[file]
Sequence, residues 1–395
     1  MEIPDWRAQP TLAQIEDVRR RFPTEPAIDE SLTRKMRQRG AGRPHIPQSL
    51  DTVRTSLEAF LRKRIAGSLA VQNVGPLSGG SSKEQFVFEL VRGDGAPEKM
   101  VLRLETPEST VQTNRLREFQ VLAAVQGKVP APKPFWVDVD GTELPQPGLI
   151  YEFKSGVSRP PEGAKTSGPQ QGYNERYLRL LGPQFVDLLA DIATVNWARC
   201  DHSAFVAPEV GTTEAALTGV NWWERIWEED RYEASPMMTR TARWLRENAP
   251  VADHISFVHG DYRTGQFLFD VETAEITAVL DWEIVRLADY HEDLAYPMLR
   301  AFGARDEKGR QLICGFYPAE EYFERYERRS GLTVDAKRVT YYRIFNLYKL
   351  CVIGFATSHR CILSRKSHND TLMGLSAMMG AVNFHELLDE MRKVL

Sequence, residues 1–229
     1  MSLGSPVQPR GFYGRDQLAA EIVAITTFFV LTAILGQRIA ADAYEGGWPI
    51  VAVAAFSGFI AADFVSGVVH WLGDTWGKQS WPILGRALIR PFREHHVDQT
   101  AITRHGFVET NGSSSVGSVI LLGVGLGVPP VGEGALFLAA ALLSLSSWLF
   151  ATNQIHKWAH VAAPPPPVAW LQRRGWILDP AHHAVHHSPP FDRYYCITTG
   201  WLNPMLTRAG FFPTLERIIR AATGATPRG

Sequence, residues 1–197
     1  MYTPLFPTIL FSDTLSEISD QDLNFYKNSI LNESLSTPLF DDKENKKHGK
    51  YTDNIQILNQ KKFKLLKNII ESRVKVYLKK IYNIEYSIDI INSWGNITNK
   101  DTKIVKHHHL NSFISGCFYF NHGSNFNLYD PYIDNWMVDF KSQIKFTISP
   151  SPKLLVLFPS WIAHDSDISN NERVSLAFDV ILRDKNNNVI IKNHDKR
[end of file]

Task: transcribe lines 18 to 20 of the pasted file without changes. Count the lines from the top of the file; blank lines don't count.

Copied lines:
    51  YTDNIQILNQ KKFKLLKNII ESRVKVYLKK IYNIEYSIDI INSWGNITNK
   101  DTKIVKHHHL NSFISGCFYF NHGSNFNLYD PYIDNWMVDF KSQIKFTISP
   151  SPKLLVLFPS WIAHDSDISN NERVSLAFDV ILRDKNNNVI IKNHDKR